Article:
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Fig 3. The photogrammetric acquisition setup in the FBK lab.

A) The light box, two symmetrically placed LED light panels and the Nikon D750 camera in the middle with camera settings displayed. B) The turntable, equipped with fixed markers and with the bottom plates of the kinematics bases. C) The GSTs involved in the study supplied with the top plates of the kinematics bases.

https://doi.org/10.1371/journal.pone.0289807.g003

Acquisition strategies

Two different acquisition strategies were tested to acquire the photogrammetric data.

The first setup was ad hoc constructed for the case-study. Two distinct metrological kinematic bases, manufactured by ThorLabs, were used: the KB1X1 and KB2X2 (Fig 3B and 3C). Each base comprises two plates, one with three spherical earth magnets and the other with three V-grooves, which allow for the top plate to be positioned on the base plate on the same location and orientation with high precision and repeatability (KB1X1: minimum error: 0.58 μrad, maximum error: 26.72 μrad; KB2X2: minimum error: 3.60 μrad, maximum error: 30.96 μrad) [35]. The base KB1X1 was employed for the active stones while the KB2X2 for the passives. Each stone was perforated to a depth of approximately 0.5 cm, and thread-to-thread adapters manufactured by Edmund Optics for optomechanical applications, were inserted and fixed in place with a two-component epoxy metal glue. The opposite ends of each adapter were attached to the top plates of the kinematic bases and secured with hot melt glue (Fig 3C), while the bottom plates were fixed to the turntable (Fig 3B). This guarantees that the stones can be placed and removed from the rotating plate each time a replicative experiment is performed, and then repositioned on it with high precision, ensuring always the same position and orientation of the stone (within the uncertainty defined by the manufacturer).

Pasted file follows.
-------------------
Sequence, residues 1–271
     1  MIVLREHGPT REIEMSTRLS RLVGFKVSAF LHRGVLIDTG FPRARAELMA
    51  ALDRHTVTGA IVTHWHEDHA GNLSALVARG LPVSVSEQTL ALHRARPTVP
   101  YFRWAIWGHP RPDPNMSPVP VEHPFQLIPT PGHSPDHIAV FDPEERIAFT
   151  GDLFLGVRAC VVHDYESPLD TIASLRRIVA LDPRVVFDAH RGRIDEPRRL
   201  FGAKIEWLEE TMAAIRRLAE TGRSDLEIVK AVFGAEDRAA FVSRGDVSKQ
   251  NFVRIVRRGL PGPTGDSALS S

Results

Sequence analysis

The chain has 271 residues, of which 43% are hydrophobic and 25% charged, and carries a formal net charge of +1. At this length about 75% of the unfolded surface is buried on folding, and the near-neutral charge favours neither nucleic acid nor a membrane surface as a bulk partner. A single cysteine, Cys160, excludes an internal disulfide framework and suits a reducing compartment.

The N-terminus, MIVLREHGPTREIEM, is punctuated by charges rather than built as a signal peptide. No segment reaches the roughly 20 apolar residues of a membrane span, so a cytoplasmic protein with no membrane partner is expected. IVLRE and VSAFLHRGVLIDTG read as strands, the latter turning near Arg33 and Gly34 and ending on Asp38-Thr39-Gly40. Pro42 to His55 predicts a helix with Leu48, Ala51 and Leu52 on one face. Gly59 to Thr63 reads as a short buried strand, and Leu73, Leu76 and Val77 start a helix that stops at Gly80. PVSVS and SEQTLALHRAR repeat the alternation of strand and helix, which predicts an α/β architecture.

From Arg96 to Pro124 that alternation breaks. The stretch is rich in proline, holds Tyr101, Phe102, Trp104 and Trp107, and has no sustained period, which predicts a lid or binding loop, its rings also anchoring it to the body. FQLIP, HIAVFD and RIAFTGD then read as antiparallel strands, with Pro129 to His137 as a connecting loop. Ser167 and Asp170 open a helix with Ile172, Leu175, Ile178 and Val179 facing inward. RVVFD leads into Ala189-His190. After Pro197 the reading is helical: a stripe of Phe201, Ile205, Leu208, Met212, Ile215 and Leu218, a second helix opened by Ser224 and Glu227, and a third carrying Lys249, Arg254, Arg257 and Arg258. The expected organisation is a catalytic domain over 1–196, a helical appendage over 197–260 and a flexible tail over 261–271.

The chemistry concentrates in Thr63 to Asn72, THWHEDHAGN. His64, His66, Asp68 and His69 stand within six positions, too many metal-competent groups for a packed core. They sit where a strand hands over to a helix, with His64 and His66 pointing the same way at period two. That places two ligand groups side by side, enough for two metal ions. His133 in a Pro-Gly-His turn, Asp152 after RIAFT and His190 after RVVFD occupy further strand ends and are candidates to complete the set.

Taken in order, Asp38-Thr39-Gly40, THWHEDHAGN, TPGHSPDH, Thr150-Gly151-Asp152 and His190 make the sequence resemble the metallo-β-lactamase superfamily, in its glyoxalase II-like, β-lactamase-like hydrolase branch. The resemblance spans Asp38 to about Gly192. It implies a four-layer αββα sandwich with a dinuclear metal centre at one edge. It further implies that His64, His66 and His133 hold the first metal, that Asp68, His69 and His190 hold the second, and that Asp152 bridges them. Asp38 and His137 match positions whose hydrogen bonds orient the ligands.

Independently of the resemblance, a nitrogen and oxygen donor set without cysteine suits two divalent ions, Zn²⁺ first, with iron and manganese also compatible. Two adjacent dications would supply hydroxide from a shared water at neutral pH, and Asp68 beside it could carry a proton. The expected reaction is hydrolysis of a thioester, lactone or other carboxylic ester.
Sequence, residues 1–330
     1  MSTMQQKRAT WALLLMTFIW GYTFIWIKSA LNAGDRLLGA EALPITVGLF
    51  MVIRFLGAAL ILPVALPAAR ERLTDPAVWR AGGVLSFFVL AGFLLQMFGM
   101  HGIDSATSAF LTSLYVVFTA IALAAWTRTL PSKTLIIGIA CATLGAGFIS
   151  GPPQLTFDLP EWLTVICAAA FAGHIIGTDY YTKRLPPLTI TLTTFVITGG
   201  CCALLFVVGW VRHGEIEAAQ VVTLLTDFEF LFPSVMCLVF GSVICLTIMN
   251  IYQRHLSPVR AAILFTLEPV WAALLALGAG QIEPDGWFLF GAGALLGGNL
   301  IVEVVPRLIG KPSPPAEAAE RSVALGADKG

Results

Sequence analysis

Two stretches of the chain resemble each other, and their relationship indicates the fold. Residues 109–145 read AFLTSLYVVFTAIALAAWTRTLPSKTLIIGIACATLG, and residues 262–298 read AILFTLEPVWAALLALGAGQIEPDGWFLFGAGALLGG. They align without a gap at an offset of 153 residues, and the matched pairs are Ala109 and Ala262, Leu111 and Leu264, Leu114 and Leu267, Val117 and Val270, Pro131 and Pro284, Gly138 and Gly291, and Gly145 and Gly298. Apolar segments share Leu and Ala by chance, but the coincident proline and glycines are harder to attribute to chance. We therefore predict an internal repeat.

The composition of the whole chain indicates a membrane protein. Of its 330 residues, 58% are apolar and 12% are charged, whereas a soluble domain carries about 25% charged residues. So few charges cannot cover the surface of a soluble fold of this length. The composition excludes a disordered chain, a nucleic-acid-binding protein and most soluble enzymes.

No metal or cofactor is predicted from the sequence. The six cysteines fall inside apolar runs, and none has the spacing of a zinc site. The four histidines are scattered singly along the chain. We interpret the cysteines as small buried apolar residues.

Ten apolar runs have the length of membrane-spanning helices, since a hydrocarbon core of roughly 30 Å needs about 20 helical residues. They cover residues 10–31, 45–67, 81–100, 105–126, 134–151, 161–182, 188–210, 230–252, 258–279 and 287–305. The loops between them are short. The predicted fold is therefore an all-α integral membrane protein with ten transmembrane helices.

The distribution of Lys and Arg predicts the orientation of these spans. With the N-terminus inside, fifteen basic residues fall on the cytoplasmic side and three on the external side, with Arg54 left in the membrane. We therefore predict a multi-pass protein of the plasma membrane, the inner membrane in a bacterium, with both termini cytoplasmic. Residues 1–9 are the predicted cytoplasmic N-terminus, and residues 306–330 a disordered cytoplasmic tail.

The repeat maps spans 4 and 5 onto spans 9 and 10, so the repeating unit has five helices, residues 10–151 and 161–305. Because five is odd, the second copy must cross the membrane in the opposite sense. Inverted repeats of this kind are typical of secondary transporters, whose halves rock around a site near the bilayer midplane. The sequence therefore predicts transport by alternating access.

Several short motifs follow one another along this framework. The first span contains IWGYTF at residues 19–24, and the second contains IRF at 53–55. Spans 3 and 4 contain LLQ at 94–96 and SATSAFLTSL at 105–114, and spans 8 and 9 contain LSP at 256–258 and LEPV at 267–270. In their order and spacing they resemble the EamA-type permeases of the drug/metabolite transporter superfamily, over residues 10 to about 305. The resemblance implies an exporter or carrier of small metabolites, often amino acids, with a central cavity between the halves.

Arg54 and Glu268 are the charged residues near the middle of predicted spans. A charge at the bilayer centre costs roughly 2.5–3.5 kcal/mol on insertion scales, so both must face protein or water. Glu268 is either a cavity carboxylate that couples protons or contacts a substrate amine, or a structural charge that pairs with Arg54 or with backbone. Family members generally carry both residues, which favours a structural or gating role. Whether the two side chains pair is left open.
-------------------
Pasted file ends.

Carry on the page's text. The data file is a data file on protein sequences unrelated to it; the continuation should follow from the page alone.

Pictures were captured by rotating the table at intervals of 10-degrees (or less in proximity to the narrow edges of the stones) and adjusting the position and tilt of the camera towards the object at three different heights (Fig 4A). Additional photographs were taken of complex, top and/or narrow areas of the items resulting in an average of 100–120 images.

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Fig 4. The two different acquisition setups.

A) The ad hoc setup: the items are fixed on the turntable employing the kinematic bases and pictures acquired adjusting the position of the camera at three different heights. B) The second setup: the items are placed horizontally on the rotating plate and pictures captured adjusting the position of the camera at three different heights. Subsequently, the object is flipped over to capture pictures of its other side and again pictures are captured adjusting the position of the camera at three different heights.

https://doi.org/10.1371/journal.pone.0289807.g004

The acquisition of each GSTs was repeated 3 times for each T of the experiment to ensure repeatability and to estimate the uncertainty of the acquisition method (T0 acquisition 1, 2, 3; T1/T4 acquisition 5, 6, 7).